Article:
Watercooler chat: Super Rugby first round
South Africa and New Zealand's franchises kick off their Super Rugby campaigns this weekend. The supersport.com team will be on hand all morning to discuss everything that is going on.
Share your thoughts on what it is you'd like to see happen and we will aim to answer all your questions, share your opinions and give you all the relevant information.
The team today will be made up of senior correspondents Brenden Nel and Gavin Rich, as well as site editor Johan Coetzee.
To interact with us, make use of the Facebook comments section below this article or get us on Twitter making use of the hashtag #sswatercooler.
We asked Brenden and Gavin to get the ball rolling and give us their opinions about the respective teams they cover. How did the pre-season go, what is the mood in the camp, what are the prospects? Here is what they gave us:
Gavin Rich (@blbby15): The two coastal franchises were the top two teams in South Africa last year in both the main competitions, Super Rugby and Currie Cup. And with both of them having boosted their depth since last year's tournament, the Bulls are going to have their work cut out to disprove the general feeling that it will be a two horse race for South African conference honours.
The Stormers topped the log last year, and have been working at bringing the attacking edge they felt they missed in 2012. Their defence got them to the semifinal, but they fell short when asked to attack in the last 20 minutes of the game against the Sharks, when the Durbanites were out on their feet. In this regard, they've been helped by the arrival of two Lions Springboks on loan transfer, with Jaco Taute the sort of counter-attacking fullback that could just galvanise the Stormers' attacking game. Elton Jantjies is a clever player with a good boot and he could push Peter Grant for his place in the starting team once Grant is available again. There is also more depth at forward, though much could hinge here on how skipper Schalk Burger recovers after his long layoff. The Stormers broke their trophy drought in the domestic tournament last year and while you can't compare the two, the monkey is at least off their back when they go into knockout games. This could well be the year they win the trophy.
The same can be said though of the Sharks, who peaked when it mattered most last season, towards the end, but then had too much work to do because they had failed to win the conference. With Frans Steyn back and a smattering of young players like Cobus Reinach having graduated to this level through a relatively successful Currie Cup campaign (they lost the final but won the topped the log comfortably), they have the depth to win consistently enough in the early stages to challenge for the conference title this year. If they do that, this could be the year where they make up for the 2007 disaster when they failed to become the first South African team to win the competition only because they conceded a bizarre late try to the Bulls at the end of a final they had dominated most of the way. Which will it be, the Stormers or the Sharks? That's anyone's guess at this stage as they are both strong and have similar strengths, but it would be a surprise if they didn't both finish in the top four of the overall log and make the semifinals.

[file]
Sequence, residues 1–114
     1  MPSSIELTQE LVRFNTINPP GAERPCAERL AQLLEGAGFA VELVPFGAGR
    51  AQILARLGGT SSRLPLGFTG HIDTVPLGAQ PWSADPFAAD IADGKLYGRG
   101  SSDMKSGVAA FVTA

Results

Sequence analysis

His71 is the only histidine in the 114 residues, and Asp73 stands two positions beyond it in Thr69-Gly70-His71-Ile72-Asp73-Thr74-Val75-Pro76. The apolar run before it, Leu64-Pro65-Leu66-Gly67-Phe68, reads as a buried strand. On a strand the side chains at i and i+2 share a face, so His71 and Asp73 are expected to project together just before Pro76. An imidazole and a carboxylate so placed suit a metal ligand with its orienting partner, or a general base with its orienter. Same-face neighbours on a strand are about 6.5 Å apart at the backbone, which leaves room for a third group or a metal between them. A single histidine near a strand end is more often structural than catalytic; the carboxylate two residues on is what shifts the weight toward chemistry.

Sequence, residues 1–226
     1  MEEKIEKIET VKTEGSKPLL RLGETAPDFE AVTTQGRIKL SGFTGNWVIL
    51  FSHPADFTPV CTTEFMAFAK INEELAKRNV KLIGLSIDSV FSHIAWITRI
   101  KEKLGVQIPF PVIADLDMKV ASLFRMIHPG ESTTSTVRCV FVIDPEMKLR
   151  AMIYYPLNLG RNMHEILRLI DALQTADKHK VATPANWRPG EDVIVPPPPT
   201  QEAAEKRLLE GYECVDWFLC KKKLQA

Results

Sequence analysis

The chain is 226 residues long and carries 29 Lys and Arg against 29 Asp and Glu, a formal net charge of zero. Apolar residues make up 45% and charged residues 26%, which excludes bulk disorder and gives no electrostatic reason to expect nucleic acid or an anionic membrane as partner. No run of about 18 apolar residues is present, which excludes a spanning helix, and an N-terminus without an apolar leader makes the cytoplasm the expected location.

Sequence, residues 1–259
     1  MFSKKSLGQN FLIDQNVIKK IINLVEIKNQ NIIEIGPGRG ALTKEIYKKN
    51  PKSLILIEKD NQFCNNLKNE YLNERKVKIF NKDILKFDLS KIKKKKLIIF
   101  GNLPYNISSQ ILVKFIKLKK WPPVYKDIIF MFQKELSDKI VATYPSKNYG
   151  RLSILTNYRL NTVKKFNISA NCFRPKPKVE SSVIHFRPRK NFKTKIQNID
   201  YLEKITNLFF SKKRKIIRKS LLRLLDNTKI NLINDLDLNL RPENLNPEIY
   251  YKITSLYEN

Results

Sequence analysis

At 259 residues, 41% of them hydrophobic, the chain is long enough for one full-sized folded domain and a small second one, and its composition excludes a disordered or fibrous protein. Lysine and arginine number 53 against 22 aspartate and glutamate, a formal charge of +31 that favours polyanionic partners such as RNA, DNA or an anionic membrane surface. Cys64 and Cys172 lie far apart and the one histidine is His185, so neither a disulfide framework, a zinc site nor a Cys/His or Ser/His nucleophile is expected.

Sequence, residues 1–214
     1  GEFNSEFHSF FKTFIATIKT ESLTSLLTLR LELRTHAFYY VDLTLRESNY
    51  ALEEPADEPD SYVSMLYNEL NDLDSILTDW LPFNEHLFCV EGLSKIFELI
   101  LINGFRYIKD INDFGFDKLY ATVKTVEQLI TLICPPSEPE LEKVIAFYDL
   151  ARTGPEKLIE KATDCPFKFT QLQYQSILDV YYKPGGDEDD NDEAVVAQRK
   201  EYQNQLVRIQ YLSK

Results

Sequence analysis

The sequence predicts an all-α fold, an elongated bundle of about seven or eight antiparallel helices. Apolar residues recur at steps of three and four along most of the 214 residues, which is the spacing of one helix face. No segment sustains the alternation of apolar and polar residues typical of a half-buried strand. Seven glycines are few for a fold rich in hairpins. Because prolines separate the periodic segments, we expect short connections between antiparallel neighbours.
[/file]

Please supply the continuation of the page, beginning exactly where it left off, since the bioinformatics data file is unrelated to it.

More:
The Kings are the newcomers and everyone is expecting them to be thrashed every week, which probably won't be too far from the mark - particularly once the hype of them being back has worn off and they sustain a few injuries. But there are few leaders as good as Luke Watson is, and there are some clever men among the Kings management, so don't be too surprised if they win a game or two that no-one expects them too. The expectation though is that they will finish last, and probably by some distance.
Brenden Nel (@brendennel):
The Vodacom Bulls start with a much more settled squad this year, and loads of talent knocking on the door. Unbeaten and impressive in their opening two pre-season fixtures, the Bulls will be looking to surprise many who have already written them off with a better showing than their sixth place last year. Watch out for young talent such as Arno Botha, Jan Serfontein and Handre Pollard, with Lionel Mapoe moving across from the Lions to bolster the backline.
The Toyota Cheetahs will be hoping for a better year than their previous few, with coach Naka Drotske happy that his depth is better this year “than ever before”. But while the Cheetahs play a great brand of rugby, their defence has often let them down and Drotske will be hoping this comes right this year. The emergence of Johan Goosen as a gamebreaker and addition of Johan Sadie in the backline gives them more options, but the two factors which have been their undoing over the past few seasons – injuries and defence – will need to be overcome if they are to make an impact this season.
There you have it. Now it's time for you to tell us what you think. What do you think of your team's chances, and who do you fancy for the title?